Legislators to decide Santee Cooper’s fate amid legal setbacks
On Thursday, The Post & Courier reported that Justice Jean Toal denied Santee Cooper’s request to stop the case against them from remaining a class-action lawsuit. This was a severe blow to Santee Cooper’s court fight over whether or not their customers should shoulder the burden of billions in debt from their failed nuclear project. Justice Toal also rejected a Santee Cooper request that would lessen their potential financial penalties under the case. The next trial date was set for April 20th, as requested by the ratepayer plaintiffs suing Santee Cooper.
In our most recent report, After the V.C. Summer Iceberg – Which lifeboat is safe?, we looked ahead to the potential consequences of this litigation and posited 5 potential outcomes for Santee Cooper. In doing so, we had a premonition that there is also a sixth way – a potential outcome where the legal issues and the political/administrative issues converge.
It is important to note that the political and administrative process is taking place concurrently with the legal process. The Department of Administration’s report detailing the bids for Santee Cooper’s sale is expected very soon, and simultaneous with that process is the legal case that is, so far, not moving in Santee Cooper’s direction.
In our report we said:
If at trial, Dominion and Santee Cooper are both more and more likely to be found as bad actors in their conduct and coverup in regard to the V.C. Summer debacle, and if a bondholder haircut and possible damage to the state’s credit reputation are appearing likely, the door could be open wide for a sale. The acquiring company could offer a “full solution” that would remove the cloud, resolve all liability and settle with plaintiffs as a condition of the sale. (Not so different from the outcome of the Dominion acquisition of SCE&G nearly simultaneous with the settlement of Lightsey v. SCE&G et al. and the PSC approval of lowered SCE&G rates and rebates to compensate ratepayers for some of the V.C. Summer loss.)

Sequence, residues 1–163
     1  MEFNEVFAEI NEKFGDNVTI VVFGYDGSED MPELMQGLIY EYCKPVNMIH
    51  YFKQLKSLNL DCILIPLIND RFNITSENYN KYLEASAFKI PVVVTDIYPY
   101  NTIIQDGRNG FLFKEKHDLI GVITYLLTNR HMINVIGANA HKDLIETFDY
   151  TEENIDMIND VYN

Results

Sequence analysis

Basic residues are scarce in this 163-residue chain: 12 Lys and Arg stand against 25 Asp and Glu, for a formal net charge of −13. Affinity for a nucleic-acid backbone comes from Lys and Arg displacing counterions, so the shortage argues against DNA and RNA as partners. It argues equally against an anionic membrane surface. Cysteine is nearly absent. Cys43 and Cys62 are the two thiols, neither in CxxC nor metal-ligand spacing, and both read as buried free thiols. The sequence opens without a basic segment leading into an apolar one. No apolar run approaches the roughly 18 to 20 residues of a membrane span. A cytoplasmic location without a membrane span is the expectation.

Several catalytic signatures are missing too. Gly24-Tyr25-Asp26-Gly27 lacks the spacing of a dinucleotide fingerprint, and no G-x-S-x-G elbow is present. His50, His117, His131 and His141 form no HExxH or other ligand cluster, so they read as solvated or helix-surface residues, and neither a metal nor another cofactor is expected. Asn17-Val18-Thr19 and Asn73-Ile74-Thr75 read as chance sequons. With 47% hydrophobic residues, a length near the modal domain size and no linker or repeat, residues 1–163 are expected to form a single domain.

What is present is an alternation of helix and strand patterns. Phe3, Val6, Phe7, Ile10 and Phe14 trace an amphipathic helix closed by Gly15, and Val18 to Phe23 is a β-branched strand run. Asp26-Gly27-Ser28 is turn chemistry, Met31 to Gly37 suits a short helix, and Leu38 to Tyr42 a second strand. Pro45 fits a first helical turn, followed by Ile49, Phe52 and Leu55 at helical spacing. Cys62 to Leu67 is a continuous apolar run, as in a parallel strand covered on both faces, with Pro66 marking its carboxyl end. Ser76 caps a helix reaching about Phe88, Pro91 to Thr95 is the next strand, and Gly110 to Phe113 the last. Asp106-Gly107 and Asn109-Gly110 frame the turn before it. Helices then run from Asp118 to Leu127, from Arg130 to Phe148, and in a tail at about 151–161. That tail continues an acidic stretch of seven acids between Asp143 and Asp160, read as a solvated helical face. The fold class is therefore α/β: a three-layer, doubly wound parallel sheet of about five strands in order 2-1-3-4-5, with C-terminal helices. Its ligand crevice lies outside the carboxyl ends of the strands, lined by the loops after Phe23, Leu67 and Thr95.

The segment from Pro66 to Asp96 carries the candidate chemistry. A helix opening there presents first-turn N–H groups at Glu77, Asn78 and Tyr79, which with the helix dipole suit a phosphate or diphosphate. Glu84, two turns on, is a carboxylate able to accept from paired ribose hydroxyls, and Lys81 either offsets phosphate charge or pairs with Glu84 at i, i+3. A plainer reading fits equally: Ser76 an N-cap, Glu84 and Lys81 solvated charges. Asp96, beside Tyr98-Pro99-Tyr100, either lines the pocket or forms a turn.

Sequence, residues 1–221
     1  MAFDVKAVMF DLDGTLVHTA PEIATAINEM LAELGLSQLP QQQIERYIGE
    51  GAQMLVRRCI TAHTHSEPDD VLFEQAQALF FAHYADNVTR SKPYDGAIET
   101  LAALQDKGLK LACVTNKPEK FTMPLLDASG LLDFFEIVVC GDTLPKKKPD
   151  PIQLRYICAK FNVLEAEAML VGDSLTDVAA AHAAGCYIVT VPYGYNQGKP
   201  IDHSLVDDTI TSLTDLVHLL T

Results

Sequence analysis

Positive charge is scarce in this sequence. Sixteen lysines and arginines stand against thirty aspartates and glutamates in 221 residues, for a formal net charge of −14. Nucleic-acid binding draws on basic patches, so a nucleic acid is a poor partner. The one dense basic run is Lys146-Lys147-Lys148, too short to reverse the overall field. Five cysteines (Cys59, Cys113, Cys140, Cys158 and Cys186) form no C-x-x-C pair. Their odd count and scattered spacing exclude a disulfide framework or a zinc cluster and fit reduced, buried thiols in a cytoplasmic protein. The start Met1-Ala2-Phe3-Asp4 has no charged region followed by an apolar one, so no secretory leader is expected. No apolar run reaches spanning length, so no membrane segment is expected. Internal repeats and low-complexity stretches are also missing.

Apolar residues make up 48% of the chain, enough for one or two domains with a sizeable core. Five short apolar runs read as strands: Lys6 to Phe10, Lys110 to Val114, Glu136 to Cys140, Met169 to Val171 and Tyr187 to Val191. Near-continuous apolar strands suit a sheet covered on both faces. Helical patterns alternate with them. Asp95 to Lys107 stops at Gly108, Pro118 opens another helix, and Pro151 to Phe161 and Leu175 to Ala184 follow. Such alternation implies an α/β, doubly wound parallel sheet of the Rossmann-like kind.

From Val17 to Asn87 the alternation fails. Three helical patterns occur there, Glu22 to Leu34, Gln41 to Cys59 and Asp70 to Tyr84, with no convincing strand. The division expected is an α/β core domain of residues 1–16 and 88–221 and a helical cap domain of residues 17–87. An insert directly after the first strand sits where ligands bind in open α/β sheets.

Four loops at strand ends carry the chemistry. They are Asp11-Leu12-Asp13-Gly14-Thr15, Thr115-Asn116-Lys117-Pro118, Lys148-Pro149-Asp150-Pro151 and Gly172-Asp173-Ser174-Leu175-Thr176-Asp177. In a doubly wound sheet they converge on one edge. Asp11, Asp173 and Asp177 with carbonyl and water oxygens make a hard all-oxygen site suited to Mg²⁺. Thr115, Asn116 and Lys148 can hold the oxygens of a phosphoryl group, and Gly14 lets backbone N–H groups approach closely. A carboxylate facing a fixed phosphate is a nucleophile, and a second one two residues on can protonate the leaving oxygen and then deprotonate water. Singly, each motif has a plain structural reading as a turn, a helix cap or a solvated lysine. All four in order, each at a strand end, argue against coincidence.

If the General Assembly decides to allow Santee Cooper to continue operating as a state-owned entity either according to its own plan or under management of another utility, the majority of the potential outcomes mean that Santee Cooper and co-op customers would continue to foot the bill for the unfinished V.C. Summer nuclear project and that the South Carolina legislature and government agencies will continue to be embroiled with V.C. Summer fallout for many years to come.
When the Public Service Authority Evaluation and Recommendation Committee hired international consulting firm ICF to test the market, ICF showed that interest in purchasing Santee Cooper is there, even with the demand that nuclear debt be defeased and written-down. Our “sixth way,” a free-enterprise solution encapsulating the legal and the political, could be just what the doctor ordered for an ailing Santee Cooper.
In order for the “sixth way” to be an option, the offer from the DOA-recommended bidder must be substantial enough to offer a “full solution.” We have no access to the offers, but are hoping for a game-changing bid for the ratepayers’ and taxpayers’ sake.
Photo: The Berkeley Independent